We are currently in the process of designing suspension parts for the Cyber Truck as well.

Do I need the N2itive toe arms in addition to the camber arms to fix my inner tire wear on my Tesla?2024-01-10T12:35:40-08:00

For the Tesla Model S and X, we recommend setting the rear camber alignment to the outside of Tesla’s alignment specs.  Our exact recommendations can be found at n2itive.me/instructions at the top of the page. This is the optimal setting for even and improved tire wear and safety while at the same time maintaining Tesla’s recommended specifications. Tesla’s alignment spec is so broad that you can easily be “within spec” and still only get 4,000 miles out of a set of tires. This is not acceptable.

It is unlikely to get your alignment adjusted to our recommended settings with our adjustable camber arms by themselves. However every Tesla is slightly different so it’s not possible to say for certain. Installing the N2itive adjustable camber arms by themselves may reduce inner rear tire wear. However from our experience, since there is not much toe adjustment from factory, you’ll be left with too much positive toe which will wear out your tires faster than if your toe was within our recommended specs mentioned previously.  For this reason we recommend installing our adjustable toe arms to give you the flexibility to dial in the exact settings with no compromise.

If you use lowering links, drive in the low or very low positions, or if your Tesla is older or currently has extreme inner tire wear then you will definitely need both of our adjustable camber and toe control arms. If you drive a Model X then we recommend installing our Alignment Kit 1 to address acceleration shudder and inner tire wear together. That kit comes with both of our adjustable camber and toe arms as well as our RSX series ride height links to give you an ideal alignment and reduce the binding and potential damage of your front half-shafts, which is the cause of the acceleration shudder/vibration.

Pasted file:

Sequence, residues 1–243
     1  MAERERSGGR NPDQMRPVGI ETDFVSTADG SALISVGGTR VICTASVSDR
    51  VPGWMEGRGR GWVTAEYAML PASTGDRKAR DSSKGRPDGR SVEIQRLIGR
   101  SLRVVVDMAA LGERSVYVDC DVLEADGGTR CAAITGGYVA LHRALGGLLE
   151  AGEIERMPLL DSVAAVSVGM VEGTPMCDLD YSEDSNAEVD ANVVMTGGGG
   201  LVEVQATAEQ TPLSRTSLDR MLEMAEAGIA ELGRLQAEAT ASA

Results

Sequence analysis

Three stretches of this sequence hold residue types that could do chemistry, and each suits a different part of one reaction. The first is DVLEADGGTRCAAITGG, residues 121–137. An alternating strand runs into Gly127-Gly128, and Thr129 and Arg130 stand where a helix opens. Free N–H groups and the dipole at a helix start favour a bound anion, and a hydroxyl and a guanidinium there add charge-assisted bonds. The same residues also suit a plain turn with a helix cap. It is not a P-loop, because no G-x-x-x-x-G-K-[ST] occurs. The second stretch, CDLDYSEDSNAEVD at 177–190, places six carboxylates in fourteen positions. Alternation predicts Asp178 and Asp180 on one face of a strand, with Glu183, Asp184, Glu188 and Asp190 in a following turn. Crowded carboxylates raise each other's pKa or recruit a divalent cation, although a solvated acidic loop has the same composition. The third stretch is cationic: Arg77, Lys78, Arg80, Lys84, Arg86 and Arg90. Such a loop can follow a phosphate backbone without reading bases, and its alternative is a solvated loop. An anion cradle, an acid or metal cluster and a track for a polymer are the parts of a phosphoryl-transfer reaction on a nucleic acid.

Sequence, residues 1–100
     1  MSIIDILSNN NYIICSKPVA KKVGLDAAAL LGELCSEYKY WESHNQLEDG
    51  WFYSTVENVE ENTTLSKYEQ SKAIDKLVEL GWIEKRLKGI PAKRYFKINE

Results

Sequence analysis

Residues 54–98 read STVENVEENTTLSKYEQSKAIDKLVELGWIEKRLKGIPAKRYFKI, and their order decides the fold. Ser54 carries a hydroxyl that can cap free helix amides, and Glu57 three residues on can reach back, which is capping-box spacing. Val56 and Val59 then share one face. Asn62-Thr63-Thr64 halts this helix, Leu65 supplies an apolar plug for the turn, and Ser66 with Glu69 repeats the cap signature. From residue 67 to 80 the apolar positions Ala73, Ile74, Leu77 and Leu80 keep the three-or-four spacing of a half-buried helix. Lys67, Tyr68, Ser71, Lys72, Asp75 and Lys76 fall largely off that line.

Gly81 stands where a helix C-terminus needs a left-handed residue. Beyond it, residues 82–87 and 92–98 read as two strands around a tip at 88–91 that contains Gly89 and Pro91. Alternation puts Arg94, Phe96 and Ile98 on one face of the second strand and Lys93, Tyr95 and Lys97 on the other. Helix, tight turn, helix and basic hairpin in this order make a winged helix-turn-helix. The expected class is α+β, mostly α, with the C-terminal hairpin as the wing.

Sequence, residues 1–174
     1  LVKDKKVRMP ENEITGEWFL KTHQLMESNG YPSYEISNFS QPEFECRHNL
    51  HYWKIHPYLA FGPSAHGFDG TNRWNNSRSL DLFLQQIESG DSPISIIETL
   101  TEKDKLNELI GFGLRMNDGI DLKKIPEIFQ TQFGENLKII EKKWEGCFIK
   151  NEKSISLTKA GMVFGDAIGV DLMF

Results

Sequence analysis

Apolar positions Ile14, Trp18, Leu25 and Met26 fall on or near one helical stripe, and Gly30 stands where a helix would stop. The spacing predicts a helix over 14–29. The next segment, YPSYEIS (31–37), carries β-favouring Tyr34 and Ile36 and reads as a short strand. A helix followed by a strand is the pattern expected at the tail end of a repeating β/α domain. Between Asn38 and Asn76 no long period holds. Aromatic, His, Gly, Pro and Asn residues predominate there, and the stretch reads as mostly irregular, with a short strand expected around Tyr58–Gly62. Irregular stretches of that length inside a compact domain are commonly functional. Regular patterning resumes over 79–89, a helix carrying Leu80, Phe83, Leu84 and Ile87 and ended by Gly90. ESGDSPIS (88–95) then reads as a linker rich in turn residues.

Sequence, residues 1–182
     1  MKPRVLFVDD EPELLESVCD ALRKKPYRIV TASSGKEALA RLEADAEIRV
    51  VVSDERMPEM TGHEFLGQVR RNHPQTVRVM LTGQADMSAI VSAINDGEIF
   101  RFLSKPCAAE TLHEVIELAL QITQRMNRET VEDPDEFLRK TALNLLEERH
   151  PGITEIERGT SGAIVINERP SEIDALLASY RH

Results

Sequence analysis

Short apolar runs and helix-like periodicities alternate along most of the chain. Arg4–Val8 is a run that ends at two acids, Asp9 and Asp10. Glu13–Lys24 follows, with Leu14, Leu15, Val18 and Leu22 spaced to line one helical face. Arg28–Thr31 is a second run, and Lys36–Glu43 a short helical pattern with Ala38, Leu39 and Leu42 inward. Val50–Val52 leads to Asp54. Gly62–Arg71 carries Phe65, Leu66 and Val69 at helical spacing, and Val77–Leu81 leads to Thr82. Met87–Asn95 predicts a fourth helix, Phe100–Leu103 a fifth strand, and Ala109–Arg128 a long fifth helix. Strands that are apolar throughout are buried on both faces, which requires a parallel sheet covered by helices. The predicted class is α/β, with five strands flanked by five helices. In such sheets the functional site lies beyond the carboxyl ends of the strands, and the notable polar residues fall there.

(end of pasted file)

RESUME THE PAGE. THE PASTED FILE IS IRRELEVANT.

For a little more insight… Replacing your factory non-adjustable Tesla camber arms with N2itive adjustable camber arms will allow you to reduce the excessive negative camber of your rear wheels which is the common cause of inner tire wear on the Tesla Model S and X.  Especially if you’ve already had your car aligned but the inner tire wear persists.

Tesla Camber Diagram - Tire Wear

However as you reduce the negative camber the geometry of the wheel changes which causes the wheels to begin to toe in.

Tesla S or X Wheel Toe Diagram

With the Tesla S or X you can adjust the toe, but only slightly.  You have about 3.5mm of adjustment from the neutral position to try to push the toe back out slightly to the 0.10° – 0.20° setting. Generally this will not be enough to dial in the ideal setting which is why we recommend the combination of the adjustable camber and toe arms.  Alternately you can install our Alignment Kit which has both of these arms as well as our RSX series ride height links to help prevent the acceleration shudder issue as well as completely eliminate the inner tire wear issue. If you have any questions please reach out to us.

For the Tesla Model 3/Y, since they are not on air suspension you can probably just use camber arms to fix the rear inner tire wear.  If you have lowered your 3/Y then you would want to get both our adjustable 3/Y camber arms and toe arms since the geometry will change too much to be adjusted with the factory toe eccentric bolt.